Hockey Canada’s non-disclosure agreement in crosshairs of parliamentary committee

23 Jun 2022 | Sports | 16 |
Hockey Canada’s non-disclosure agreement in crosshairs of parliamentary committee

The non-disclosure agreement covering Hockey Canada‘s settlement of a lawsuit alleging sexual misconduct is now in the crosshairs of a new parliamentary committee request for documents about the organization’s handling of the matter.

The Standing Committee on Canadian Heritage met behind closed doors on Wednesday afternoon. Late Thursday afternoon it published the minutes of that meeting.

They detail the decision of the committee to formally request documents about how Hockey Canada handled the allegation of sexual assault in 2018 against multiple players on the World Junior championship team — in time for two meetings next month.

On July 26 and July 27, the committee will invite Sports Minister Pascale St-Onge back to testify.

It is subpoenaing officials from Hockey Canada, the Canadian Hockey League and Sport Canada, and also inviting witnesses from the insurance company BFL Canada and Henein Hutchison, which is the external firm that probed the allegations.

The committee is requesting copies of communications between Hockey Canada and teams and players about the alleged sexual assault, as well as a copy of the non-disclosure agreement that is redacted in order to protect identities.

Members of Parliament on the committee also want minutes of meetings held by Hockey Canada and the Hockey Canada Foundation subject to solicitor-client privilege, litigation privilege and settlement privilege from June 2018 until July 15, 2022.

Of note, the committee does not yet appear to have used its power to order the documents be released.

“Parents who have kids in hockey have the right to know why Hockey Canada handled this case in such an irresponsible manner,” said the NDP’s Peter Julian in a statement about the decision.

“And they deserve to know what their government is doing concretely for a real culture change in the face of sexual misconduct and assault connected to Hockey Canada and other sports organizations across the country.”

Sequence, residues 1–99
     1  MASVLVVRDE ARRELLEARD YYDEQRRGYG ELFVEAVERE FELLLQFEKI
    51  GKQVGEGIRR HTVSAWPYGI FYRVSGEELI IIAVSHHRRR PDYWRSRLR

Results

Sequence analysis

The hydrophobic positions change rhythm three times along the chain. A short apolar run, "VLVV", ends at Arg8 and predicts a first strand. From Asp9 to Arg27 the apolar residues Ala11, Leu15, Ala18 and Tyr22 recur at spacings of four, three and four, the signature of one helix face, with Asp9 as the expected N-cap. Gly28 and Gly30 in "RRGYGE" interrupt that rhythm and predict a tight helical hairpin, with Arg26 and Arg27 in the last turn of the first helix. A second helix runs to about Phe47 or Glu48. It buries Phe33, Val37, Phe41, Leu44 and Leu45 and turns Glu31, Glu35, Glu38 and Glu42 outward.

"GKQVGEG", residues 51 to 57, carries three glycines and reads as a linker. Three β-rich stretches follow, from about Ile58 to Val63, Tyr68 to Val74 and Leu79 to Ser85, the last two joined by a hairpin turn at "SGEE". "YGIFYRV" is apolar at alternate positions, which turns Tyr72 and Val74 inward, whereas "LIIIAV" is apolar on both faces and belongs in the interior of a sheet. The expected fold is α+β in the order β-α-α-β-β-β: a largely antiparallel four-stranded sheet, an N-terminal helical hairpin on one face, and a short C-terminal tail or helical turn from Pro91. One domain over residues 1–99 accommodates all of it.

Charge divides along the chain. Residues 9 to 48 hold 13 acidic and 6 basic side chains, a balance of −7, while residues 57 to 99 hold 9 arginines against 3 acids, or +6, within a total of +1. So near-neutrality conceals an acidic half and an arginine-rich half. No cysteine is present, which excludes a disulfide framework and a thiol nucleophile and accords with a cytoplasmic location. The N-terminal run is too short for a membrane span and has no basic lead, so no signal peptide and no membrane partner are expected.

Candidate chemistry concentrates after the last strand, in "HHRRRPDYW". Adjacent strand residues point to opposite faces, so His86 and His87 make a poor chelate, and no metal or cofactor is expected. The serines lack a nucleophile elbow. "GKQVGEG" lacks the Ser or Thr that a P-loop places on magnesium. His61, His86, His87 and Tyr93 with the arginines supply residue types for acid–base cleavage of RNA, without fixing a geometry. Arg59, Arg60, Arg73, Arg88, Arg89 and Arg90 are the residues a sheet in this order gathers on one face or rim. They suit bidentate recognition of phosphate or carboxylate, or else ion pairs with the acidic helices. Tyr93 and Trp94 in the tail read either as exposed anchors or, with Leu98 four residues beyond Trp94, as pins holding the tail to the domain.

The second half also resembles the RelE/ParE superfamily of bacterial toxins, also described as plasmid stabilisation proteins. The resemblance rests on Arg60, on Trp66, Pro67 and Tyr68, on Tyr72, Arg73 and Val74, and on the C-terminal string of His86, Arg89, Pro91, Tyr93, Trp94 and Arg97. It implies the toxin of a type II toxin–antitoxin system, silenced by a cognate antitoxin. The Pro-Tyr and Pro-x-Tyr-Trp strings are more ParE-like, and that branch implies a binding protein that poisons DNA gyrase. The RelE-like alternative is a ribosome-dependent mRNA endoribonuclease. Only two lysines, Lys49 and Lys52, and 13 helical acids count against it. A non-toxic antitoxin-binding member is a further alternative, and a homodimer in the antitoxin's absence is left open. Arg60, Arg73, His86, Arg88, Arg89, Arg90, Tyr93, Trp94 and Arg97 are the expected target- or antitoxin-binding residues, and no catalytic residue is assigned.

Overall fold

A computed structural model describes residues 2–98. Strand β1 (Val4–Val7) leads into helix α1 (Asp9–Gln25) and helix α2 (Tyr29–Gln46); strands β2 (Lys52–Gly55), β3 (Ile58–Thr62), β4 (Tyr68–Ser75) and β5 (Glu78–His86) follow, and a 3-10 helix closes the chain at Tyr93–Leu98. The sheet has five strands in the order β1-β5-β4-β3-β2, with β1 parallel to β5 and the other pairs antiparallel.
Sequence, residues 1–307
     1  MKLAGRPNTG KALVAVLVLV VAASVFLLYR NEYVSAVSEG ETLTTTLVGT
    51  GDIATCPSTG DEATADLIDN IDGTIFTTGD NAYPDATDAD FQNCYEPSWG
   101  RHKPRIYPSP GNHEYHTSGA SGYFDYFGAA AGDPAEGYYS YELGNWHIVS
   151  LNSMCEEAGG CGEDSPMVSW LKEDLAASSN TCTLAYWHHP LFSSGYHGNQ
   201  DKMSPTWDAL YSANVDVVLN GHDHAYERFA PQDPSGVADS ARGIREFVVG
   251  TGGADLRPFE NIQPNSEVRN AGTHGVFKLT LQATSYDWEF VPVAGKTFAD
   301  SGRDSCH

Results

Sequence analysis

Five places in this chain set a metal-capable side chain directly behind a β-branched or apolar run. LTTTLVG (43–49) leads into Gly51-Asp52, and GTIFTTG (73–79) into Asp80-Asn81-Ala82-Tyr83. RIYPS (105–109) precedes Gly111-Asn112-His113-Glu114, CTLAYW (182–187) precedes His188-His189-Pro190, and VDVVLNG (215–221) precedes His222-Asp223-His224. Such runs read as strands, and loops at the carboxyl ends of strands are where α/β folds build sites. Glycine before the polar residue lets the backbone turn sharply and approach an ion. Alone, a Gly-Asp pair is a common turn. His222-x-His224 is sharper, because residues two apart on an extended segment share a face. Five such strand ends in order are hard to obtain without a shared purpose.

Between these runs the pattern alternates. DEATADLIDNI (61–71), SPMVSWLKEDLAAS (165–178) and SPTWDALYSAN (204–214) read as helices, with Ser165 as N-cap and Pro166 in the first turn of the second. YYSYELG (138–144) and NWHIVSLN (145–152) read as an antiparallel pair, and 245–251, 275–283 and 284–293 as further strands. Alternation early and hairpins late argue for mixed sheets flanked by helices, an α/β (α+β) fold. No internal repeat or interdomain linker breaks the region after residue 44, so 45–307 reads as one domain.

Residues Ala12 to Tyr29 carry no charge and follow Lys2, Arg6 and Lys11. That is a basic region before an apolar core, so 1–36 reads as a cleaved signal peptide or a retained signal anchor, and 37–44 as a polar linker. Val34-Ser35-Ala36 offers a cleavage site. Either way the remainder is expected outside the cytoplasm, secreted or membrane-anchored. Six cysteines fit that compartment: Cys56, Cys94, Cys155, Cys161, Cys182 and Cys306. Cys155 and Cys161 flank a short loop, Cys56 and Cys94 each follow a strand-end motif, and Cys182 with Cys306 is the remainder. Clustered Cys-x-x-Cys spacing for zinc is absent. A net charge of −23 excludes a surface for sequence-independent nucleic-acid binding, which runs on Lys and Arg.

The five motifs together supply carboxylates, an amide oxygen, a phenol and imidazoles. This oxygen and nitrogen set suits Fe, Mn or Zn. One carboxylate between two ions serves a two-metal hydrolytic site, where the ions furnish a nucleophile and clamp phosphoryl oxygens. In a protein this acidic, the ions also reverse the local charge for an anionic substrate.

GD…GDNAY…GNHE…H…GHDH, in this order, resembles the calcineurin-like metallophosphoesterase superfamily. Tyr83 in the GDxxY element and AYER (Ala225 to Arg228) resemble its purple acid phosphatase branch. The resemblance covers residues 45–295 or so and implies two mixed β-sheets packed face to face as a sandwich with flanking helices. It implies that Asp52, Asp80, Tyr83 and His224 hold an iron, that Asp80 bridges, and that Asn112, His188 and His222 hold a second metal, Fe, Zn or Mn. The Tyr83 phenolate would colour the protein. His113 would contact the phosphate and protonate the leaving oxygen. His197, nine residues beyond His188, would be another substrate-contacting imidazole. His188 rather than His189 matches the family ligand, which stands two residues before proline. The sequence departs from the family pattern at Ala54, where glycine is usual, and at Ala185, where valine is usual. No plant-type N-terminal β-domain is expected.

The organization remains deep within a firestorm of scrutiny over its handling of sexual assault allegations stemming from 2018. A lawsuit filed earlier this year alleged eight players on the national junior team sexually assaulted a woman in a hotel room in London, Ont. at the time.

The allegations have not been tested in court.

Hockey Canada settled the lawsuit in May, and is now facing a financial audit due to wrap on July 22 about its handling of the matter and whether any federal funds were used in connection with the deal.

Amid the intense scrutiny, Sports Minister Pascale St-Onge said on Wednesday she is freezing federal funding to the organization until it signs up with newly created Office of the Sport Integrity Commissioner — which was created to ensure independent investigation of abuse allegations.

St-Onge said Hockey Canada will also have to make public the report and recommendations it received from Toronto law firm Henein Hutchison LLP, which did the initial external probe of the allegations, along with its plan to change the “culture of silence” in the organization.

During question period on Tuesday, St-Onge had said she was “not satisfied” with the testimony from Hockey Canada top leaders the previous day at the Standing Committee on Canadian Heritage.

Prime Minister Justin Trudeau on Tuesday called the organization’s handling of the allegations “unacceptable,” while St-Onge said Hockey Canada will be “held accountable.”

Scott Smith, president of the organization, had been asked by Liberal MP Anthony Housefather how many other allegations of sexual assault Hockey Canada has received over the past decade.

In response, Smith said they have received one to two allegations of sexual assault per year for the past five or six years, which would cover the period extending back to 2016 or 2017.

by Global News